Remember what you learned in kindergarten and be kind (to the hospital staff!)

If there’s one thing that doesn’t bring out the best in people, it would be a sudden trip to the hospital. Let’s face it – it’s never easy.

With 3 kids with asthma, it seemed like one of my kids was always sick when they were little. We had 12 VERY scary trips to the hospital for asthma.

It would start when one of my kids would wake up with a runny nose, which would quickly progress to a nasty cough and difficulty breathing, and then we would end up in the hospital – it seems like was just that fast!

And of course, the kids would always get worse as the night went on. So, we would end up in the Emergency Department at 2 am.

I don’t function well without sleep, but I always tried to be kind to the hospital staff. After all, they are there to help me.

Did I always get the best nurses or doctors? No. Some doctors didn’t have the best bedside manner or think that I was worrying too much. But they would quickly see I was right when the kid’s oxygen level would drop.

Then we would usually be in the hospital for 3 days while we waited for the oxygen and steroids to do their trick.

During that time, we did have a lot of good nurses, CNA’s (certified nursing assistants) and doctors. And they were kind to us as a family – because we were kind to them. And I’m glad I was!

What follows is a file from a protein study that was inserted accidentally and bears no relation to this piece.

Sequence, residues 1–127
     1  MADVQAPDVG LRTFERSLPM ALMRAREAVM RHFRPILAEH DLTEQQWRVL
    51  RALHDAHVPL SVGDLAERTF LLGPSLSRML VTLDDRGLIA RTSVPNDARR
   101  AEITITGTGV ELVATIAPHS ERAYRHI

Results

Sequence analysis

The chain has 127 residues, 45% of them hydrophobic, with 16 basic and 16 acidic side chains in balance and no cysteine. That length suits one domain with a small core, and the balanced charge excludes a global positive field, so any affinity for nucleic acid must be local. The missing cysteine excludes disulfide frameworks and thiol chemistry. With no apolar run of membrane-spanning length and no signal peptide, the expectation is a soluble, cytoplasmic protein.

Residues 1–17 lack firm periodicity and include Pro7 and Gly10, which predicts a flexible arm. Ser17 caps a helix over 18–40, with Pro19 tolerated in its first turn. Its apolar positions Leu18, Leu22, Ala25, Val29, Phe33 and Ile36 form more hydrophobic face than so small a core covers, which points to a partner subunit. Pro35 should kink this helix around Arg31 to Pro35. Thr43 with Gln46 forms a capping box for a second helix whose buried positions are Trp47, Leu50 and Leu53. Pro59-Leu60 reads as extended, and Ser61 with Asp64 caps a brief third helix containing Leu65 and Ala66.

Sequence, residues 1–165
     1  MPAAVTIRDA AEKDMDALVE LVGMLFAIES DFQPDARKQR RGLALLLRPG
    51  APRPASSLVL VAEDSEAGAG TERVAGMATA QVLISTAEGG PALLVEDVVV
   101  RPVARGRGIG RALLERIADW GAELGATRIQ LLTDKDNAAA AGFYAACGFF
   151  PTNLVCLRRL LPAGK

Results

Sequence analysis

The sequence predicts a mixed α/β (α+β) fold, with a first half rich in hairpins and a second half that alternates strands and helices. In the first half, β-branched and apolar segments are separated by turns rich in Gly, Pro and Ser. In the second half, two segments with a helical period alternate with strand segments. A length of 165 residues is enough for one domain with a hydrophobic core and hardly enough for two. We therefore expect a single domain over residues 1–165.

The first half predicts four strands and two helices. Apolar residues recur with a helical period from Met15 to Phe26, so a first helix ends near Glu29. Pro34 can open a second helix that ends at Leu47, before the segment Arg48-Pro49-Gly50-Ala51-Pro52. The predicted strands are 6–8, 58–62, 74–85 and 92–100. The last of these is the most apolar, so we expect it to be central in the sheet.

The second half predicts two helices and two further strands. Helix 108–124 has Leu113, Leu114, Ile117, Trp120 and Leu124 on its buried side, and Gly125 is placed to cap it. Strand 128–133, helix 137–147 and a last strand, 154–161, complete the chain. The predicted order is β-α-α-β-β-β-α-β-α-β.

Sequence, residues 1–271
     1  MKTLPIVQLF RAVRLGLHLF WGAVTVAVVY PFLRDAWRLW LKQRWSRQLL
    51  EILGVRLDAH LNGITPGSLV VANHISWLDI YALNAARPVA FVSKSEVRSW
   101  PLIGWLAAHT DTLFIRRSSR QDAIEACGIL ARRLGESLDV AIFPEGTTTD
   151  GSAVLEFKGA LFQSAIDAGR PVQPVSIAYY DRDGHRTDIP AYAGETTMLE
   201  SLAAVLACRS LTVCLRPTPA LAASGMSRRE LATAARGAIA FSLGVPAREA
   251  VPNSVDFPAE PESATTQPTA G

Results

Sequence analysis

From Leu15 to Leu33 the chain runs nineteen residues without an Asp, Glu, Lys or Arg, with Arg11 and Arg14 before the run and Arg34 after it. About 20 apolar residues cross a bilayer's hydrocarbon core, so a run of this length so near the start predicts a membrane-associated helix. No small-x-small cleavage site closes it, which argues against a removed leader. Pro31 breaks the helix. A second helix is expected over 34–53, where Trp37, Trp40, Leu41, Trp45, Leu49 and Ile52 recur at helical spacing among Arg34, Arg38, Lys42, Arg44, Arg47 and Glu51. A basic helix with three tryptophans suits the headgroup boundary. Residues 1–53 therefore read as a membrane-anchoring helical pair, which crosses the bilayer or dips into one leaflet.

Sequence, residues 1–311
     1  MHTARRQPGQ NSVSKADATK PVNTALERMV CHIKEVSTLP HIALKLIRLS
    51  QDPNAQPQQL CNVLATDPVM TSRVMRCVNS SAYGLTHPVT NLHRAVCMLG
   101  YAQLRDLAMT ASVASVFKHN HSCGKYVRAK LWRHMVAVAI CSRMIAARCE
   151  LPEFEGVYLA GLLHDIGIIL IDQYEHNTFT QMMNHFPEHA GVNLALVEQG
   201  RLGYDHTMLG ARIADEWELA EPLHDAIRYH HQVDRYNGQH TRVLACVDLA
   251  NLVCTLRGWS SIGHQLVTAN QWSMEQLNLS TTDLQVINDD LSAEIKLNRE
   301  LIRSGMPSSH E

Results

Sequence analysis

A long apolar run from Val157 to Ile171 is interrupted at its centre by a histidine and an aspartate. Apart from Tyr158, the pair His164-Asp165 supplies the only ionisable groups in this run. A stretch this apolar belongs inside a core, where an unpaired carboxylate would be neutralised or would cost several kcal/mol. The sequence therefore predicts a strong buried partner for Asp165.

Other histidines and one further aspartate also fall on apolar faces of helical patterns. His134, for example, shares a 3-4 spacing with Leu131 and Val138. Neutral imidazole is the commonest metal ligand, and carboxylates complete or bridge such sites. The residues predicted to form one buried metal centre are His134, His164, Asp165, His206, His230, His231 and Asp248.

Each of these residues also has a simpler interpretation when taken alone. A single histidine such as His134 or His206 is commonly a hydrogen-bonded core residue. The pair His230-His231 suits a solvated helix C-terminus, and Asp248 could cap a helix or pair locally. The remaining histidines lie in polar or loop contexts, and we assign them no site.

I just read a VERY interesting article from the New York Times called, “What Happens When Parents Are Rude in the Hospital”.

In a study in Israel, they had a “simulated crisis scenario” (actors would pretend to be parents with a realistic looking plastic baby). The “parents” would say something rude or unpleasant to the hospital staff in the study. What happened? Here’s what they found:

“But even such mild unpleasantness was enough to affect doctors’ and nurses’ medical skills. Individual performance and teamwork deteriorated to the point where diagnostic skills, procedural skills, and team communication were impaired and medical errors were more likely, compared to control scenarios in which the mother would just say something general about being worried. The team’s ability to perform in critical medical situations with sick babies was affected for the rest of the day, the findings suggest.”

Wow! Parents being rude to doctors can affect how they treat your child!? This study was done in a NICU (Neonatal Intensive Care Unit.)

But I’m sure the same thing would happen to kids (not just babies) in the hospital.

So, the next time you have a kid in the hospital, think about this study. And remember the line from the live-action Cinderella movie.  “Have Courage and Be Kind.”

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